The Italian judge at the European Court of Human Rights Vladimiro Zagrebelsky stated that Russian has not done anything to change the roots of numerous human rights violations committed by state agents that have been fixed with ECHR rulings. At that, he pointed out that judged at the Court representing Russia are still independent and their decisions are hardly ever politicized. “If they see an obvious breach, they never hesitate to confirm the state responsibility”. Zagrebelsky spoke highly of the research carried out by Russian human rights defenders in the tough circumstances. At that, he told that apart from the four ways to combat impunity via international mechanisms of justice that Bogdan Gvareli and Oksana Chelysheva spoke about, there is the fifth way: any state can lodge a suit against another state. Zagrebelsky answered the question himself by telling that the only obstacle for that is lack of political will as Russia feeds the whole Europe with their natural resources.
The co-authors of the “International Tribunal for Chechnya” research told the about the principle they used to conduct it. They also pointed out that the research into international criminal law and their applicability to the Chechen cases has never been a goal in itself. It is one of possible ways to consolidate activities of various human rights organizations that collected vast amount of information on specific cases of violations perpetrated in Chechnya, lawyers dealing with international laws, politicians and national civil society groups in various countries of Europe who can join in the network of combating impunity for the crimes committed in the Russian Federation like it happened with “Coalition against Impunity” network the goal of which was suing former Argentinean military officers in German courts. The purpose of conducted research is to provide a documentary basis for exercising justice via international mechanisms. The authors write that they carried out the research not only with the aim to judge past events, but to speak up on matters that continue to harass the Caucasus region and, as evidenced by repeated acts of violence, has spread beyond Chechnya, touching Ingushetia, Dagestan, North Ossetia.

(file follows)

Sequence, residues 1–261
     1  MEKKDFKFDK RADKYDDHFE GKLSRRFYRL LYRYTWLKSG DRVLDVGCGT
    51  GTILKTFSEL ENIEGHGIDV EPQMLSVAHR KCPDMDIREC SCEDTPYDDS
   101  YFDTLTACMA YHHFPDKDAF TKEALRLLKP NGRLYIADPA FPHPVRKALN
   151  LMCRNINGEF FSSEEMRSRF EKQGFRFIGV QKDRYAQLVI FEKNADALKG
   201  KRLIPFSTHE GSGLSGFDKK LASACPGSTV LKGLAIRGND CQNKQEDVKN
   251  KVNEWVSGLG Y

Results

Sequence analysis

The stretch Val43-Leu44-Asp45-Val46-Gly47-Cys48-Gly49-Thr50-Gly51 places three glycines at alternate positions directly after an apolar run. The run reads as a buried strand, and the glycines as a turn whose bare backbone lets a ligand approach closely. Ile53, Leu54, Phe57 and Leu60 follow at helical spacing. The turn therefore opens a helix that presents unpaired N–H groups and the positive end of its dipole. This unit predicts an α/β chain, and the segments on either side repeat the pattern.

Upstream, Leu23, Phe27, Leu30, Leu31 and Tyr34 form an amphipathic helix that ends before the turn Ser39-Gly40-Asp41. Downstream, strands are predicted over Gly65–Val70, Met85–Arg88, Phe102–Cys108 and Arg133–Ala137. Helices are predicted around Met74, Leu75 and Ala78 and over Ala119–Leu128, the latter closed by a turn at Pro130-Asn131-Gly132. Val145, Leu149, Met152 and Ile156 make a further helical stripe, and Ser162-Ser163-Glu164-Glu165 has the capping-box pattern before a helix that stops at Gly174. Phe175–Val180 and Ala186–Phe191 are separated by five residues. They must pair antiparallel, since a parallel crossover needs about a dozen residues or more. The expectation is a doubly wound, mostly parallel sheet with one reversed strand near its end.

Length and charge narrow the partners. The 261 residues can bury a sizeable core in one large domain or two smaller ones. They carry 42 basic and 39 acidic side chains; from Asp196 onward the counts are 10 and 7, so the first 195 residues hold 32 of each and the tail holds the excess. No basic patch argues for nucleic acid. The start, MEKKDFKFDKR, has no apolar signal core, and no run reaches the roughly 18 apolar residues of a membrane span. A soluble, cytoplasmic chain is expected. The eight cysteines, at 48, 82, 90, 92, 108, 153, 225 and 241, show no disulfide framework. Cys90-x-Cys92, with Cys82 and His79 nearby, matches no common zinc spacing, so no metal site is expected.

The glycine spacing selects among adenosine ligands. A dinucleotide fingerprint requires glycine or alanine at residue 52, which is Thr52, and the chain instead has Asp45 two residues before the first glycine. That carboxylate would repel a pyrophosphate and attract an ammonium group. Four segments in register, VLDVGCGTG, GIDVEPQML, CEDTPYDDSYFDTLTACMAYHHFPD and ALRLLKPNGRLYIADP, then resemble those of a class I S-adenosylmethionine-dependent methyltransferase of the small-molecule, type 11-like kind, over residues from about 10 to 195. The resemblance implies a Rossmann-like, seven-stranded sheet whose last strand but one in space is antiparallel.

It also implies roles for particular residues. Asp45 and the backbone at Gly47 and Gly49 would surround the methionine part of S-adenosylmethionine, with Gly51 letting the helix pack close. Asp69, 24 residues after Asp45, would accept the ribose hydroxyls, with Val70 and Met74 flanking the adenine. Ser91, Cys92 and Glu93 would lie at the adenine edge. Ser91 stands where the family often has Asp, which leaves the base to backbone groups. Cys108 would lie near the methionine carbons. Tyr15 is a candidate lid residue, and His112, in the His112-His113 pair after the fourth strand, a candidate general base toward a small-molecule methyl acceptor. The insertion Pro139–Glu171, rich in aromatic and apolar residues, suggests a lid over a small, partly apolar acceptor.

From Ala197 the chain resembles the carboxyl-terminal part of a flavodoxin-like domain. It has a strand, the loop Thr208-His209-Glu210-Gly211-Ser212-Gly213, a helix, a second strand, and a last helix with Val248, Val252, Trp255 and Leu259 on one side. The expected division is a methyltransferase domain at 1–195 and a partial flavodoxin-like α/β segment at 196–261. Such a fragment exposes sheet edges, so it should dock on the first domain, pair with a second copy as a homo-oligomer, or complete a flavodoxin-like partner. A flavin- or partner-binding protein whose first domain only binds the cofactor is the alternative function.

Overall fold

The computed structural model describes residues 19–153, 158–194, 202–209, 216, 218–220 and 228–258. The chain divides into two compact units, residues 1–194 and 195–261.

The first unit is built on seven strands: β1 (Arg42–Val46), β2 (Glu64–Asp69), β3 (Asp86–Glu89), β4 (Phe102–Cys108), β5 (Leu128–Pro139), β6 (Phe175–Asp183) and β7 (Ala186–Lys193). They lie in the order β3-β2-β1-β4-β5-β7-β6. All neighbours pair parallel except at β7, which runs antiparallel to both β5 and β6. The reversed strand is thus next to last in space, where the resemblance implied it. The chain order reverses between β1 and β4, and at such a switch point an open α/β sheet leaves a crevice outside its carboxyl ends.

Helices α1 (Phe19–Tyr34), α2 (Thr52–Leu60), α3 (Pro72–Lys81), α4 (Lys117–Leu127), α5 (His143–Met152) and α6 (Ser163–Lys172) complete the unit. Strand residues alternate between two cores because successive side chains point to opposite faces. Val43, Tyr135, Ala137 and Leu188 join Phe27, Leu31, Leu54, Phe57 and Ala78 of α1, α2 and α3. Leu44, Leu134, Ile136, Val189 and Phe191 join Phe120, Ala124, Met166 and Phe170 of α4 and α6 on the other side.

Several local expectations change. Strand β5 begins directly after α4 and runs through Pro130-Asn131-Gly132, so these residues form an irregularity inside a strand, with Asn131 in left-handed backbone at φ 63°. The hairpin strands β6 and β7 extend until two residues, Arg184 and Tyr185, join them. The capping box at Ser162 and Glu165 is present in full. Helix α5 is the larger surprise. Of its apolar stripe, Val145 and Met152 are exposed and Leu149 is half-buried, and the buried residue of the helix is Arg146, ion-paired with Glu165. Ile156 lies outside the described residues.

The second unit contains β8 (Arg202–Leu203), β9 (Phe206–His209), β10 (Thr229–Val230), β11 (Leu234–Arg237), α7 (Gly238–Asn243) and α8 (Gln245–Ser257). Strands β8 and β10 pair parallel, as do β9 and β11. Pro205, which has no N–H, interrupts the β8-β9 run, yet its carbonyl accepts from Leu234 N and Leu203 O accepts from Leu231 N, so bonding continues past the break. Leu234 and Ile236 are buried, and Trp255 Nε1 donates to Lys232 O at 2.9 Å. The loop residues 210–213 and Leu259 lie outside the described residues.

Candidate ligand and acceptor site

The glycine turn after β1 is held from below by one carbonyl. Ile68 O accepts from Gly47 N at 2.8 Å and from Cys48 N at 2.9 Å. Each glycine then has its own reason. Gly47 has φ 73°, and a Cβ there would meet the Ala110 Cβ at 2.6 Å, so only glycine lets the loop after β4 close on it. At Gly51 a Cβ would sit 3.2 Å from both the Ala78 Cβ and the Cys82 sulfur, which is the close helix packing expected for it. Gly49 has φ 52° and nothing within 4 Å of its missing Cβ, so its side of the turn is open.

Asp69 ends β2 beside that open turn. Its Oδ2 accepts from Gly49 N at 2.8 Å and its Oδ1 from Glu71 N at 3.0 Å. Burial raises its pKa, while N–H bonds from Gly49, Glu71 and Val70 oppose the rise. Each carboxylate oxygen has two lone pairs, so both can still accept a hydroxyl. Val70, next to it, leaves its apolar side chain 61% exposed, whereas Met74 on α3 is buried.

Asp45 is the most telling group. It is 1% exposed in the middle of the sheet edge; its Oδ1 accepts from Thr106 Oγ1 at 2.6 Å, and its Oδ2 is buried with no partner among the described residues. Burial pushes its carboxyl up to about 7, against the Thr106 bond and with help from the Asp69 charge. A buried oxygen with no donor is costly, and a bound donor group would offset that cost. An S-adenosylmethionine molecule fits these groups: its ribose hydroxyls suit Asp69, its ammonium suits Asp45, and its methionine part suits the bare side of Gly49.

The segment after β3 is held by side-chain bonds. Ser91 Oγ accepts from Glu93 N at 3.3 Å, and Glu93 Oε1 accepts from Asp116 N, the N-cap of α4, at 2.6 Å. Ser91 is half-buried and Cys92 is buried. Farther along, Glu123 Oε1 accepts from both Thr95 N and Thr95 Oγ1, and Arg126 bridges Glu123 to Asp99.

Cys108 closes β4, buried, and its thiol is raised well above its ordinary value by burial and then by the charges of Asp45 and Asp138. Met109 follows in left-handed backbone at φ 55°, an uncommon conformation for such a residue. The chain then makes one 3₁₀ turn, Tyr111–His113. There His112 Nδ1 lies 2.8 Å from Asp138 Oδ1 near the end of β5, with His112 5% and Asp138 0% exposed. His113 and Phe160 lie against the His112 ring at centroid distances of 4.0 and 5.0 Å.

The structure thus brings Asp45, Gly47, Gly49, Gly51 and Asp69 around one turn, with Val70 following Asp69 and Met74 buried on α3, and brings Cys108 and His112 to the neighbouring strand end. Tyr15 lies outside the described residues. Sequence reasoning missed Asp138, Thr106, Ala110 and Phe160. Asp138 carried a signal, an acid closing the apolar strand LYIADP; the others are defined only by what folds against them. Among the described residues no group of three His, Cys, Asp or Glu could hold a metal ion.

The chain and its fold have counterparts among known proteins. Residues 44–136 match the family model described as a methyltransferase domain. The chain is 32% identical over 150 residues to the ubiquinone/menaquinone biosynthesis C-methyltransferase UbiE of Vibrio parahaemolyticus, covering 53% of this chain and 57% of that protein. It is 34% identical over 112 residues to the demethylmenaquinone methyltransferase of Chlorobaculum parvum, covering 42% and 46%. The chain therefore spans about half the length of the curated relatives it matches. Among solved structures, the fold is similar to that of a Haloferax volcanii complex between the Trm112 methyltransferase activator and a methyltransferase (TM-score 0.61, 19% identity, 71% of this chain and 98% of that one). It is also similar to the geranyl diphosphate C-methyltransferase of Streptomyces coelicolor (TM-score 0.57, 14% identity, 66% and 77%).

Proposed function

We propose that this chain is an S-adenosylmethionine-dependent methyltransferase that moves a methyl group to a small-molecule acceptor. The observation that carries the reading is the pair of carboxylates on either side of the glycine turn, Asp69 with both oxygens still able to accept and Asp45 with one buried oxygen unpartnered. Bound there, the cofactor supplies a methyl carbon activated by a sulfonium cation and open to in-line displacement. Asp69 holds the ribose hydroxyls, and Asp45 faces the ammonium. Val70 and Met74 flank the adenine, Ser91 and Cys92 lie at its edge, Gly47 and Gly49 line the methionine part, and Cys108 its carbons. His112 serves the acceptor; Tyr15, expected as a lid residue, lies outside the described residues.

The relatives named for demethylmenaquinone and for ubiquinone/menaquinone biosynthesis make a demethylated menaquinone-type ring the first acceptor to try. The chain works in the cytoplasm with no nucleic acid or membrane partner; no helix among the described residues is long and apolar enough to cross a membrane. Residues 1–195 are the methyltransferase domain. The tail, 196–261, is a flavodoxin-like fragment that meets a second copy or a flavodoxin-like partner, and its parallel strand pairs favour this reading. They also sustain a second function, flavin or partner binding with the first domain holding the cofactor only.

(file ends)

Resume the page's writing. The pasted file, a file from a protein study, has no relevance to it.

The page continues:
The presentation of the book in Italy will help to mobilize the international attention. The organizers of the event emphasized its important for helping establish links between groups of Russian human rights defenders and those secular and religious associations that deal with human rights in Italy.